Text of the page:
Good afternoon…some great weather out there today with temperatures into the 80s and dew points around 50°. That is a great combination for early June, especially considering all the moisture we have in the ground right now. Our good stretch of weather will mostly continue through early next week. There are some wrinkles though over the next 48 hours that may give parts of the area some scattered showers and storms as early as tomorrow.
Tonight: Mostly clear and pleasant with lows near 60°
Friday: Partly cloudy and mild. Highs in the 80-85° range with higher but still tolerable by summer standards, dew points. Light winds. There should be at least some scattered PM storms/showers to the south of KC proper…perhaps towards Sedalia/Clinton/Butler/Pleasanton areas.
Saturday: It’s not out of the question that some showers could be around the area during the 1st part of the day. Then later in the afternoon towards the Lakes region into central MO and the I-44 corridor area. Highs into the 80s
Sunday: Nice weather with highs in the 80s
Every so often my twitter feed fills up with interesting things that I want to touch on…or perhaps there are other weather notes that I want to pass along to you but because of active weather…I push them to another part of the desk with the hopes of getting back to them…well today is that day…
Yesterday was the start of the Atlantic hurricane season. Interesting to note that there was a VERY rare named storm back in JAN of all times…Alex. Over the weekend there was Bonnie that came ashore in NC…and has now come back offshore and is trying to regain intensity. It was upgraded to a depression earlier…and may be trying to regain tropical storm status (39 MPH+ winds).
You can clearly see it in the satellite pics…
It’s given the outer banks of NC a bunch of rainfall (over 5-7″) this week so far…and it’s still raining.
Another system may try to organize in the SW Gulf or the far NE Caribbean over the weekend…that would be named Colin. It would be VERY rare to have a 3rd named storm so early in the year. The record for storm #3 is 6/12/1887. This though is a dubious record since really reliable information on these types of systems really only goes back to the use of satellites in the 1970s or so.
— National Weather Association (@nwas) June 1, 2016
It’s NOT that unusual to have tropical activity potentially affect the states in June though…
Tropical storms and hurricanes that have impacted Florida in June typically start in the western Caribbean/Gulf pic.twitter.com/46FhuYFaGq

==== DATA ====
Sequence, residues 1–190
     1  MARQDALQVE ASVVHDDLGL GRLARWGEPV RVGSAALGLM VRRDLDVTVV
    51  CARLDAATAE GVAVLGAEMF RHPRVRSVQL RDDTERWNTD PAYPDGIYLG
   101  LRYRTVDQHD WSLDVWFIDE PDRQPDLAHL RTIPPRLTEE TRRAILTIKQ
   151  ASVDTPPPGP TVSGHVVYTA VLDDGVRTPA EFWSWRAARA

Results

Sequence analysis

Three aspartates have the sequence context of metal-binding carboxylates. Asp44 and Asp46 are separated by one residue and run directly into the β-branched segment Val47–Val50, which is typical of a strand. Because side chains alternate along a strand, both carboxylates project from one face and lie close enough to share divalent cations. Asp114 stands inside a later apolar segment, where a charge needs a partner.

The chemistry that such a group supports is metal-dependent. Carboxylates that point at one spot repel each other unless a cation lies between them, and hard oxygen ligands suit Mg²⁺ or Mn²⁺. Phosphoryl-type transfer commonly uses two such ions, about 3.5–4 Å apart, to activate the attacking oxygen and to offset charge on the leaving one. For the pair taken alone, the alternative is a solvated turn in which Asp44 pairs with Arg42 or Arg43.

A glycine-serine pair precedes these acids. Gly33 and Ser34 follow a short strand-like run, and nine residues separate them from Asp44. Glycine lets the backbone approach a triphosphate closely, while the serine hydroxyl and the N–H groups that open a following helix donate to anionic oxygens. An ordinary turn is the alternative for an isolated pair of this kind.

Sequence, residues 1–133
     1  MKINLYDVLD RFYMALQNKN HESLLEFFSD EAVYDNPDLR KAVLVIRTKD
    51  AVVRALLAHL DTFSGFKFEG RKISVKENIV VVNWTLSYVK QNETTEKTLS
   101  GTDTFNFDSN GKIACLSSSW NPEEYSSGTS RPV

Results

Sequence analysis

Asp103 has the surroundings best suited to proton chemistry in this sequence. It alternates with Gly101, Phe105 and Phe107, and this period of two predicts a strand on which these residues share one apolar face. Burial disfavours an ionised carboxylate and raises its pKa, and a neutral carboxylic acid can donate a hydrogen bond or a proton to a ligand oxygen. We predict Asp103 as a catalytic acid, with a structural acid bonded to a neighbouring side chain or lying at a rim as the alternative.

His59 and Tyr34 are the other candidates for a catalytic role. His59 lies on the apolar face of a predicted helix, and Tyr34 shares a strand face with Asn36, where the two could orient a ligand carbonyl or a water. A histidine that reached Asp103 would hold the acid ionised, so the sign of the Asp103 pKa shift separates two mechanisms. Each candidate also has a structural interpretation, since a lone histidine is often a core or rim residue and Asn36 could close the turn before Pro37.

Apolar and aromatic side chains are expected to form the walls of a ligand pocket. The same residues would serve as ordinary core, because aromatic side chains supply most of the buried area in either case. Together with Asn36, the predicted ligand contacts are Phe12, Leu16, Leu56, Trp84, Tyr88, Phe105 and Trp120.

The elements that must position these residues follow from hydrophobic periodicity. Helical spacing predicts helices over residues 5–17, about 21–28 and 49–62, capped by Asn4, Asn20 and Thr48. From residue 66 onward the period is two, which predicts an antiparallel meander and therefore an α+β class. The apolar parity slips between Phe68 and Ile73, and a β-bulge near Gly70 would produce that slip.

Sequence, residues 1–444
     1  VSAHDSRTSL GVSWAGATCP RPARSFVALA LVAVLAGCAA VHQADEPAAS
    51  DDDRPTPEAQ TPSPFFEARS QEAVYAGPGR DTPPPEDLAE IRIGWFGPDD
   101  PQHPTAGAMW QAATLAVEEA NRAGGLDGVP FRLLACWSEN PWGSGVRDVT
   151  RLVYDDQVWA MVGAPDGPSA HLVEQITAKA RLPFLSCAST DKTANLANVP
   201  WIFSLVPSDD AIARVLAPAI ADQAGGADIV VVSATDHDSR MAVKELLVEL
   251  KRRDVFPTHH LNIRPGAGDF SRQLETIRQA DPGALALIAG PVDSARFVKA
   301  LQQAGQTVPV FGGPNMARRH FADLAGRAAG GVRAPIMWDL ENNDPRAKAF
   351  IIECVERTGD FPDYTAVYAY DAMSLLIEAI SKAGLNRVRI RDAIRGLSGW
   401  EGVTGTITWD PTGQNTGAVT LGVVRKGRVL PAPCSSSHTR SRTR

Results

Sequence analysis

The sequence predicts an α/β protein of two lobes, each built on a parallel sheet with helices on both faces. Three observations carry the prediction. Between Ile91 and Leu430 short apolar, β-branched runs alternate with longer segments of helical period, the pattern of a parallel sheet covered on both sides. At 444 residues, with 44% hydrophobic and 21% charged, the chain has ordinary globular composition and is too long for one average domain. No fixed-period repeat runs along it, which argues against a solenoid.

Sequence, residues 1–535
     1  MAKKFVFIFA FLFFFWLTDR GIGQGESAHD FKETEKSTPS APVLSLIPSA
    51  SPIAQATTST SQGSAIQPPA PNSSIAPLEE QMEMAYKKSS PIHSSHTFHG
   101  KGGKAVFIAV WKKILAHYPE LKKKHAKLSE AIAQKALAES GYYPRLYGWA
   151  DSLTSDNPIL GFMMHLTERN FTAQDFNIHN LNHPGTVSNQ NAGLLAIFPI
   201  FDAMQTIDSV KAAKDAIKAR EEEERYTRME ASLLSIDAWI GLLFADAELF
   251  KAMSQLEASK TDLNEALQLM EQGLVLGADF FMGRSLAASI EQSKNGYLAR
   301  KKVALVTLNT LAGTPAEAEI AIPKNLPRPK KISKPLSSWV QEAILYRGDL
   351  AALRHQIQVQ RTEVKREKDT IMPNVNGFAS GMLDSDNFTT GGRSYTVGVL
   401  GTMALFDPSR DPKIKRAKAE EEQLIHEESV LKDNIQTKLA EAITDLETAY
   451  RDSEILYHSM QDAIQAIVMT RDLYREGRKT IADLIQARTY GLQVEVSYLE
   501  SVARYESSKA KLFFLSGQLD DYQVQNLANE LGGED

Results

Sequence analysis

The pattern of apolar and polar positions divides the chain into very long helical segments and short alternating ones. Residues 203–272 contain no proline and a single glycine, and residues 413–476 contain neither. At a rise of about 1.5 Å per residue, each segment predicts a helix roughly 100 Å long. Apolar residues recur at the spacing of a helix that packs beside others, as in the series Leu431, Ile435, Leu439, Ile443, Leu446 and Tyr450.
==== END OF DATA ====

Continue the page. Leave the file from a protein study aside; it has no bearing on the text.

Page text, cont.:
— Michael Lowry (@MichaelRLowry) June 2, 2016
Meanwhile out west the heat is cranking up in a big kind of way. Some cities including Phoenix…Las Vegas and others up the western 1/3 of the US may see record heat for early June.
This weekend may feature Phoenix's earliest 115° and Las Vegas' earliest 110° on record, also perhaps Portland's 2nd-earliest 100°
— Maxar | WeatherDesk (@Maxar_Weather) June 2, 2016
Here is some information from the NWS in Phoenix…
Here is the forecast for PHX into early next week. I start my annual golf vacation next week out there…won’t be as brutal…thankfully…only 100-105°
As a matter of fact the “ridge” or heat generator is going to be one of the strongest, if not the strongest for early June…at least as we look at the pattern aloft…up at about 18,000 feet or so.
— Paul Iniguez (@pauliniguez) June 1, 2016
This brighter red colors represent the forecast compared to historical values.
This is obviously not helping the raging drought out there…saw this on the NASA feed today…showing the changes in Lake Mead. Pretty dramatic stuff. Lake levels are at their lowest since it was created back in the 1950s. It’s only 37% full at this point
— NOAA Climate.gov (@NOAAClimate) June 2, 2016
Here is a graphical representation of the water levels just for 2016…
Like I mentioned…the drought out there is real…and getting worse by the week. Let’s see what happens when monsoon season starts out there in the next 4-6 weeks or so…
— NOAA (@NOAA) June 2, 2016
One of the things that are interesting to see out in the deserts during extreme heating are dust devils. They are sort of like tornadoes but don’t form the same way. As the sun heats the desert the air rises. This rising air is then replaced at the surface by air rushing in at the surface.
Well this process can sort of happen in other places as well…look at this video of the same type of process happening in OH…except a hay bale got in the way.
— Josh Fitzpatrick (@JoshFitzWx) June 2, 2016
Meanwhile in the more traditional sense of tornado formation…Chad Cowan was storm chasing last week with all the big storms out in western KS. He caught quite a bit of video and speed up the video to create a cool time-lapse.
Fascinating view of two tornadic circulations merging and forming the first big tornado near Dodge City on May 24th pic.twitter.com/UveXygv9fW
— 🌩️ Chad Cowan (@stormtimelapse) June 2, 2016
Definitely worth a look at!
OK that will do it for the desk cleaning. Nice and tidy now!